To A Nightingale - Poem by Douglas Gird
I was born in a soulless heart of a city:
Where mean streets wander in grey confusion.
I've watched men struggle without any pity
Or felt the need to help any man -
It was dog eat dog in my neighborhood,
No farmstead, bower or country lane,
No beast or bird or churchyard stood
To hide the shame of my own backyard.
Life had no beauty, but fear and sweat.
We held the line at the outermost ring,
And all about us was death and defeat.
We held the line as the others poured through
For a place on the crowded Dunkirk beach.
Their only thought was to get far away,
Out of the Stukka and Spandaus reach.
Out to this hell to Englands green shore.
Night had come and I lay on my back
In a silent, shell shocked, Belgian field.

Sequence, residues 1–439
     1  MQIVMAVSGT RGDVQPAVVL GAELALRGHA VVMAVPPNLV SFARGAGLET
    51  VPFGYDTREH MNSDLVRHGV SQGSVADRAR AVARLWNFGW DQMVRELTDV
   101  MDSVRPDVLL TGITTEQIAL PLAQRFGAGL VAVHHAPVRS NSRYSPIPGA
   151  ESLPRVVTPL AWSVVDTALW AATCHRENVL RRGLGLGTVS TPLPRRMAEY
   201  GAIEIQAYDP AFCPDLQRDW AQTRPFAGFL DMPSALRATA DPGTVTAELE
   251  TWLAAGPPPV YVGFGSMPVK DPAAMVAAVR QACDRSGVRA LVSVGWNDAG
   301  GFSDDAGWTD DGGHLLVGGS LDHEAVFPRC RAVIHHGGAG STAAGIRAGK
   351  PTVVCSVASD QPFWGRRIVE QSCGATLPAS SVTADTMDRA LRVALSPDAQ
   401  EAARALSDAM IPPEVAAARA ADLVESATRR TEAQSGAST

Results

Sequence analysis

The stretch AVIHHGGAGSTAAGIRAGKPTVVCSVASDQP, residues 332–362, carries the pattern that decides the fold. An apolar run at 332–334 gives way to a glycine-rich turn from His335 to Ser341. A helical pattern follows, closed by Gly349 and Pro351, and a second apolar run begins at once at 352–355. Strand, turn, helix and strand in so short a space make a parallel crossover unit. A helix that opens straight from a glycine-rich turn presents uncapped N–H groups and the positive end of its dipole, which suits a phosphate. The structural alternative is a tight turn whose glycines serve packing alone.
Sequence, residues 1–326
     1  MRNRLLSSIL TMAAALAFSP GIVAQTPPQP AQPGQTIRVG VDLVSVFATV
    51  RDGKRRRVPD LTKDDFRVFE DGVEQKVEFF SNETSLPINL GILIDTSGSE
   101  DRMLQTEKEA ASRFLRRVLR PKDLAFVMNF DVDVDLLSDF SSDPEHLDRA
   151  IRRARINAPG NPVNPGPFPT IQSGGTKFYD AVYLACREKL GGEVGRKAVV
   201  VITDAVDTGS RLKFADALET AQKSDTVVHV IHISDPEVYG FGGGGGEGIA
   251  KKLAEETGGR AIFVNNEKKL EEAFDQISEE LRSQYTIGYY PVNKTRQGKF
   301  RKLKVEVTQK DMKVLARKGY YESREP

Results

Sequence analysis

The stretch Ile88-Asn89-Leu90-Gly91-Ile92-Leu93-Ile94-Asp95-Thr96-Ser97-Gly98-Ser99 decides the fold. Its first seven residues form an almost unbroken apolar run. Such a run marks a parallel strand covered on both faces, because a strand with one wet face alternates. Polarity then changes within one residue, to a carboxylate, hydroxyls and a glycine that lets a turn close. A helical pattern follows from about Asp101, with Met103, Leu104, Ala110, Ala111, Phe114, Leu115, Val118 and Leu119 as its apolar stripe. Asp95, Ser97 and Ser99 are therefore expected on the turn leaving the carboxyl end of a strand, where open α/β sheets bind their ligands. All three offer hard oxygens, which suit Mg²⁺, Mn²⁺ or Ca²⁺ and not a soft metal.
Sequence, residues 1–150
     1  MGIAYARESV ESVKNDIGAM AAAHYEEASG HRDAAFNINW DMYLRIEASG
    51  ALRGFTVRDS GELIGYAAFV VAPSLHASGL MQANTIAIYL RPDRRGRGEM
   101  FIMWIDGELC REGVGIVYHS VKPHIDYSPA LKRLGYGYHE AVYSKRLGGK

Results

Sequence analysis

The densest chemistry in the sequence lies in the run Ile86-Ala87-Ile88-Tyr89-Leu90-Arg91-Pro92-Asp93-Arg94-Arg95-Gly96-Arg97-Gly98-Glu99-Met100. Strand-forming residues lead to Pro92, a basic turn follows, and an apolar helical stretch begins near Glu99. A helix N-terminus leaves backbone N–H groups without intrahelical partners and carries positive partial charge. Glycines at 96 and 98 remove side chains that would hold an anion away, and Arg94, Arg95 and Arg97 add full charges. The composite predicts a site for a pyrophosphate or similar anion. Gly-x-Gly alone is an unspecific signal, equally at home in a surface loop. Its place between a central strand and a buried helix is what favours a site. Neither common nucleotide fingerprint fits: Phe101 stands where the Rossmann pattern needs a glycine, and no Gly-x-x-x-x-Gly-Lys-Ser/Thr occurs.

In my mind and in my head I saw only black
When I heard a noise I could not believe.
It burst like a bomb on my aching brain,
Like a fountain sweet in an arid land
And it filled my empty soul again.
"The nightingale's back", a comrad said.
Can the call of a bird affect your life?
Can it show you the world isn't always grey?
It can, and it did in my world of strife.
It lifted me out of the trough of despair.
And when God calls, as He will quite soon,
My "lost chord" that I hope to hear
Is the nightingale's call neath a silver moon
That has kept me sane this many a year.
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Douglas Gird's Other Poems
Still I Rise
The Road Not Taken
If You Forget Me
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Stopping By Woods On A Snowy Evening
A Dream Within A Dream
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